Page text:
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Shared Sacrifice in Wisconsin

This is from March 3rd, but meanwhile -- nothing has changed.

At least not for the better.






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Monday, March 14, 2011

Another look at Federal Revenues

In comments here, Tux makes an interesting point about taxation.  In 1950, and again now, Fed Revenues/GDP was/is under 15%.  His point is that the population now expects a lot of government services that weren't expected 60 years ago, but, alas, is unwilling to pay for them.  Good point.  In the 50's and 60's we built most of the interstate highway system.  In the 60's we had the space program.  In the 80's, FWIW, we had Star Wars.  Now, we can barely fix a pot hole, and want to fire teachers and policemen.

Let's put it in economic perspective.  Here is a look at Revenues/GDP since 1930.  (Click image to enlarge.)


The green diamond is 1950.  In the era since 1950, a Rev/GDP value below 15% is atypical.  The 1955 to 2005 average (green line) is 18.0%.  For context, in 1950, revenues were an increasing percentage of a rapidly growing GDP.  Now, revs. are a declining percentage of stagnating GDP.  Big difference.

The brown line traces a 13 year average.  From about 1970 on, it overlays the long average - until now.  Henceforth, it will drop for years, due to an ongoing lousy economy and inadequate taxation.

I've commented before on the differences in economic performance under Dems and Rethugs.  If you need a reminder, it's always better with a Dem in the white house.  Here, I've traced D and R administrations in Red (Rethug) and Blue (Dem.)   The pattern of revenues increasing under Dems and decreasing under Rethugs is striking and consistent.  Until now, of course, with B. Hoover Obama continuing the disastrous tax cut policies of the Shrub regime.  (This is actually quite unfair to the real Hoover, who raised the top tax rate from 25% to 63% in 1932, thus ending the horrible slide of the great Depression and paving the way for the New Deal.)

Here's another look at GDP growth around 1950.



From 1950 to 1960 (one decade) GDP increased by a factor of 1.9, a compounded annual growth rate of 6.625%.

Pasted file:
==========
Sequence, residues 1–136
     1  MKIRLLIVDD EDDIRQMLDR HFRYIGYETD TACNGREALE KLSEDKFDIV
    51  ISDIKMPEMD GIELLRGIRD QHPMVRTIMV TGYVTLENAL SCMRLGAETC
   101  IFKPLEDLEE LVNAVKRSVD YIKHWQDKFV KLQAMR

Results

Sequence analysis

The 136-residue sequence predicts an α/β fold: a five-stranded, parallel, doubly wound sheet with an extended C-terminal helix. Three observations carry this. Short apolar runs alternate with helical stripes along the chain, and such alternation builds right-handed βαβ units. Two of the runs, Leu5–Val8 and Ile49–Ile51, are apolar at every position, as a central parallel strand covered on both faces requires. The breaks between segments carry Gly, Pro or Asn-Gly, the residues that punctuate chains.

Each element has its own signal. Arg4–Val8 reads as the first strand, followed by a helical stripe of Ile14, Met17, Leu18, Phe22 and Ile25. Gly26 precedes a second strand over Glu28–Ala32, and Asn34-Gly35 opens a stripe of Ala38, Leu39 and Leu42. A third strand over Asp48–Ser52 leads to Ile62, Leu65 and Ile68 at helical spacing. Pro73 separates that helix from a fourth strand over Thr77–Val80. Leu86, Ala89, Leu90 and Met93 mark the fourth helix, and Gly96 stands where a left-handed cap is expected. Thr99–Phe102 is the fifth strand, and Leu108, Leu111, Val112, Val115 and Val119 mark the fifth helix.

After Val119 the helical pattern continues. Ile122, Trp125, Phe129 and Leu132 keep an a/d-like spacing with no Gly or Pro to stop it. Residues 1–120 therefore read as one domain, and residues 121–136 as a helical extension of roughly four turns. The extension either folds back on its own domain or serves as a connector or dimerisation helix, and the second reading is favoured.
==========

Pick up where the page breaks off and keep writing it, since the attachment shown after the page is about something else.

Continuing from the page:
Here is now.


From 1990 to 2010 (two decades) GDP increased by a factor of 2.5, a compounded annual growth rate of 4.75%.   Note, this is almost 2 full percentage points lower than in the post WW II Golden Age.  And to see how badly this is trending, the compounded annual growth rates for the most recent periods are 3.95% since 2000, and 3.125% for the most recent 5 years.

Here's a slightly different way of looking at it.


The five year rate of change for real GDP is expressed as a percent.  The only two bright spots are the Kennedy-Johnson administration, and to a lesser extent, the Clinton administraton.  Reagan's second trm numbers only look good because of the deep dive in the early 80's.  Eyeball a trend line through the whole series, and we are clearly slouching toward zero growth.  Make it per capital, and we'll go negative, and stay there.  Data from http://www.multpl.com/us-gdp-inflation-adjusted/table

I've said before that the American Economy is dying.  This is just one more way to look at the decline and fall of a once great nation - killed by decades of  grotesque fiscal irresponsibly and deliberately anti-Keynesian policy decisions.
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Sunday, March 13, 2011

Pictures of Destruction

Satellite Photos of Japan, Before and After the Quake and Tsunami.

Awesome and terrible.

 

Sunday Music Blogging


The Law -- according to Republicans.






Is it my imagination, or is THIS the same song?




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Saturday, March 12, 2011

Friday, March 11, 2011

Federal Budget and the Great Stagnation

I've already posted on Government spending and the great stagnation.  Here's a deeper look at both sides of the ledger.

This is important because one of the current BIG LIES is that we have runaway - or a least unsustainable - spending, causing a serious budget problem for the country.  As I have previously concluded - and Karl Smith also states (my emphasis): "I want to make the more general point that spending is pretty much never the cause of budget deficits. Or, to be a bit more formal, variations in spending do not predict variations in the deficit. Variations in tax revenue, however, do predict variations in the deficit."

Here's a look at revenues and expenses, on a log scale, from 1950 on.



I've added a couple trend lines, for the post-1980 period.  They are essentially parallel, (log scale slopes are 0.0526 for revenues and 0.520 for expenses) but as we will see, this is misleading.  Also note, these slopes are lower than those for the pre-1980 period.